• You have three chances to pass SQE2.

Ivan says it is a demanding set of exams and that students will only be able to take SQE2 once they pass SQE1. You have three chances to pass SQE1.

The intention is that the SQE should be more affordable than the LPC – explore a comparison of the costs of the various routes. It depends on the course provider and the location, whether online or in-person. 

However, Ivan says most students will have to pay for SQE preparatory courses. So, there is some doubt about how much more affordable the SQE regime will be for the majority of candidates once costs of preparatory courses are factored in, when compared to the LPC.

QWE will replace the training contract.

  • Like a training contract, the QWE is two years. 
  • It is more flexible than a training contract.
  • It is legal work, or legal experience at up to four different organisations. 
  • The training contract was only at one law firm or business, if in-house. 

To qualify you have to show that:

1) You passed SQE1 and SQE2.

2) You have gained competencies on solicitor competence issued by the SRA.

Ivan says “The basic point is that QWE is intended to enable more people to qualify, than the previous training contract.”

Advice to in-house teams when recruiting trainees qualifying under the new regime

Ivan suggests that there are two things in-house teams will want to think about:

The SQE is “quite bare bones” in terms of legal knowledge and preparation for preparation for legal practice.

It focuses on essential areas of law and there are no electives as there are on the LPC. Ivan compares it to the Qualifying Lawyers Transfer Scheme (QLTS), which is the exam internationally qualified lawyers take when they want to practice in England and Wales. Ivan says the lack of electives, which are specialised, means candidates will not be prepared for those specialised areas as they were by electives under the LPC and they would also not be trained in business or interpersonal skills. He says those recruiting talent to in-house teams need to think about how they would be preparing candidates to fill those gaps in their knowledge. He suggests that there are various options to help students master these, which includes the option of sending them on additional courses before they join the company or training them on the job.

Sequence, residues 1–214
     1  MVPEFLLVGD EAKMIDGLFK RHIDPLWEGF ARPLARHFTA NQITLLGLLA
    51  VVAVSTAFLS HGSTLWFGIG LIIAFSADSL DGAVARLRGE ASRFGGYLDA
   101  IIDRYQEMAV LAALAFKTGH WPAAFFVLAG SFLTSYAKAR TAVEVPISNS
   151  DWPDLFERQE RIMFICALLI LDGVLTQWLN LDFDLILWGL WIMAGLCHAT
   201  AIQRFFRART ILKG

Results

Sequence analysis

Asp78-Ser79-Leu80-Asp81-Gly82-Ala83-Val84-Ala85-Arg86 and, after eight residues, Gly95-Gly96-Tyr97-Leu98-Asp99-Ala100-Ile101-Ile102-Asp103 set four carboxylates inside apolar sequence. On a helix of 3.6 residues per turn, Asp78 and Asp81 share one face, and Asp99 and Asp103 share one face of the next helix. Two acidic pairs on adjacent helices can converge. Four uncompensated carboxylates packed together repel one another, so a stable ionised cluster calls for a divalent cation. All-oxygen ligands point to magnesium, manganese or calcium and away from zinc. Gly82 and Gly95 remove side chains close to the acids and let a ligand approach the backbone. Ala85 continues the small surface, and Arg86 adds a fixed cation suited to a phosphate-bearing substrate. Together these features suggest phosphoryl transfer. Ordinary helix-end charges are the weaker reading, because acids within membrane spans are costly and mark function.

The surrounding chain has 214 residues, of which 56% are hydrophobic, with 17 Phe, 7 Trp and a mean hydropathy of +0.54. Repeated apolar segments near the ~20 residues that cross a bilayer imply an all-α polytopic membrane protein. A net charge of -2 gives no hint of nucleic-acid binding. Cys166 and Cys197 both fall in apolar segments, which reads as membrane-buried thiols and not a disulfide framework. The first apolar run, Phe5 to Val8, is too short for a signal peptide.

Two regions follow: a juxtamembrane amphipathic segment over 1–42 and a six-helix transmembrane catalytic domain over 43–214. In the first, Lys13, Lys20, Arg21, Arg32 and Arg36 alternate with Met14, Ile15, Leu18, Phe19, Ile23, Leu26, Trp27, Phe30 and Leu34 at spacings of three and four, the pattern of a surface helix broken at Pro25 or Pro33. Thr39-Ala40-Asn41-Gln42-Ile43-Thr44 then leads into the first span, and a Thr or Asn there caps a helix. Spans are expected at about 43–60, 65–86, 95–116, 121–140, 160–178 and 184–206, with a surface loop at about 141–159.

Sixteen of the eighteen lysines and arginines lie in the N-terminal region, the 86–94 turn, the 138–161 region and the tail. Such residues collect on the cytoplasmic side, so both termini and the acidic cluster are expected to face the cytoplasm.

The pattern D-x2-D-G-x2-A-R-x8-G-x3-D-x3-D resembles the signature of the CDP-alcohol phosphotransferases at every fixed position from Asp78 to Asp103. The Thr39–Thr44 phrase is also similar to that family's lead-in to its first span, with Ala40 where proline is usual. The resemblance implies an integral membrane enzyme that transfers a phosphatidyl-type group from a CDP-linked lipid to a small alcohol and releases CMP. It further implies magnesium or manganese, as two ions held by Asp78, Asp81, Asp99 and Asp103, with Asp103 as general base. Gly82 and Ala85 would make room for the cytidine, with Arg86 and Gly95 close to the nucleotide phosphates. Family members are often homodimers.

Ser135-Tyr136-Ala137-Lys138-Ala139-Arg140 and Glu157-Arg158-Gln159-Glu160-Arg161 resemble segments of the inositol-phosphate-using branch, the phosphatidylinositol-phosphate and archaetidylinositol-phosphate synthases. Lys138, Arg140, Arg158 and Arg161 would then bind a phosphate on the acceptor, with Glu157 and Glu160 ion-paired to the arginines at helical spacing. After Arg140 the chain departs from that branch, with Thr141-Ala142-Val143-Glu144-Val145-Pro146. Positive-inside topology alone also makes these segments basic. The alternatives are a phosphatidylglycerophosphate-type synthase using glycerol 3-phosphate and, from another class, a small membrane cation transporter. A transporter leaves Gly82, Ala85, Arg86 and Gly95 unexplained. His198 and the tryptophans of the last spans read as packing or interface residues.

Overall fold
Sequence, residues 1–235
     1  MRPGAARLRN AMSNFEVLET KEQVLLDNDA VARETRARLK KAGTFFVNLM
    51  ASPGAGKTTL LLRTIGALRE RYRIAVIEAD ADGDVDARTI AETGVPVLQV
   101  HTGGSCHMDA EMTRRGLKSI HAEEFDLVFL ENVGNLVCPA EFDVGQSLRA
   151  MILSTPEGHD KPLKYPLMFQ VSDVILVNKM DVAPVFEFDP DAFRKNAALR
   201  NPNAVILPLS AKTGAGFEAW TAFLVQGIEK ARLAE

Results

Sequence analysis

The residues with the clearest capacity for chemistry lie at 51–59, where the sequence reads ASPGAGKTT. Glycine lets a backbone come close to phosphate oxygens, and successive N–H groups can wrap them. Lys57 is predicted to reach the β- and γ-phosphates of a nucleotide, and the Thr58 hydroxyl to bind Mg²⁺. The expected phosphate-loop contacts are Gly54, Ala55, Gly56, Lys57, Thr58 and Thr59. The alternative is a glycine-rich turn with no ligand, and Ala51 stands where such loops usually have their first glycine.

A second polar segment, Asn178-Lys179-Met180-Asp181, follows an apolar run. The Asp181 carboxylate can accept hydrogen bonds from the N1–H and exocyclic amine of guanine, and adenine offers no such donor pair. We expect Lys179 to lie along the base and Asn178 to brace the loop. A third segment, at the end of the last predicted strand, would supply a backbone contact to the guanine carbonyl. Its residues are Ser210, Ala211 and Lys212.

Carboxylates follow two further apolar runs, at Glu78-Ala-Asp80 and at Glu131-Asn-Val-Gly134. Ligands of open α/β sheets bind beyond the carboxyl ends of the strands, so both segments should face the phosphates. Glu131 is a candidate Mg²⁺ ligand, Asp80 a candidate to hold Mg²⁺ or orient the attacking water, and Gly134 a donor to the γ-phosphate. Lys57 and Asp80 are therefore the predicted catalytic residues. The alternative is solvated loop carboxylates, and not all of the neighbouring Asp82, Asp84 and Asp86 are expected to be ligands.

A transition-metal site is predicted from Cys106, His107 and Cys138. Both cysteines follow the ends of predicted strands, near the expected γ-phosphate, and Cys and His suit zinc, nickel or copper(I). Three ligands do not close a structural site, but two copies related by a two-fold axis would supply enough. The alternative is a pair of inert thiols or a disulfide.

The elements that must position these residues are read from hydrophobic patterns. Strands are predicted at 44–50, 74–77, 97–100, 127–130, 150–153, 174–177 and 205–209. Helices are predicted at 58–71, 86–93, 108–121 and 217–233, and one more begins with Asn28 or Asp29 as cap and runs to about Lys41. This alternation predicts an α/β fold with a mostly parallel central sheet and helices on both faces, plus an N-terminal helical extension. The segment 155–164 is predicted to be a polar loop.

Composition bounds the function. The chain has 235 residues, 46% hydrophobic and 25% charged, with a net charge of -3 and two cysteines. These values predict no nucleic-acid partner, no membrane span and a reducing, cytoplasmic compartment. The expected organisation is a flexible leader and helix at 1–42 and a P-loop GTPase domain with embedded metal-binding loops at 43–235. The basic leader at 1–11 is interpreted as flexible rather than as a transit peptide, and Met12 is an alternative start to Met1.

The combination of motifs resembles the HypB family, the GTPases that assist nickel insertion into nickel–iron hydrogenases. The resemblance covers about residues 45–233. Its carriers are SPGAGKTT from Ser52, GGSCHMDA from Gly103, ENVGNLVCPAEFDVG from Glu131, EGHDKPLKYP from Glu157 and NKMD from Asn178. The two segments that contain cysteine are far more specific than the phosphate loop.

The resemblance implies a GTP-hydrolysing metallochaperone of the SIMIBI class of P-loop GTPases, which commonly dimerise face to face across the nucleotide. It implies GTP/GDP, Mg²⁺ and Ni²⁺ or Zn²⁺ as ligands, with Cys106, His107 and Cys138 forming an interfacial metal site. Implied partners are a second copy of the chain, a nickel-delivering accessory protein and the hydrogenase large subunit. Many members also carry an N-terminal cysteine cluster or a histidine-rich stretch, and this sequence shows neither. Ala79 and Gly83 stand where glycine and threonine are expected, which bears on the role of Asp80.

SQE mark as a benchmark for excellent candidates?

Ivan says that the SQE mark could in time be a calling card for applicants. He says because all candidates sit the exact same exams it would be possible to compare candidates based on the mark. He says the question for in-house teams is how much they want to use the SQE as a benchmark or assessing people’s quality.

Emerging training structures

Earn as you learn

Deloitte has launched a three-year training contract and trainees earn as they learn. They work and are released to study one day a week. Trainees will study for and pass their exams while working at the company.

Graduate apprenticeships

There are various kinds of apprenticeships. Hill Dickinson, for example, has started a graduate apprenticeship. So trainees will study, while working and pass SQE 1 and 2 and gain QWE.

Six-year apprenticeships

School leavers will take these and study towards an undergraduate degree and then SQE 1 and 2 while gaining QWE.

Ivan suggests that in-house lawyers need to tailor the training to the needs of their organisation. The question to start with is how to supplement the SQE, as the exams will not give trainees all the knowledge they need.

You can watch Ivan talk about this in a two-part video series. In Part 1 Ivan talks about the structure of the SQE and QWE and part two about recruitment advice to in-house legal teams.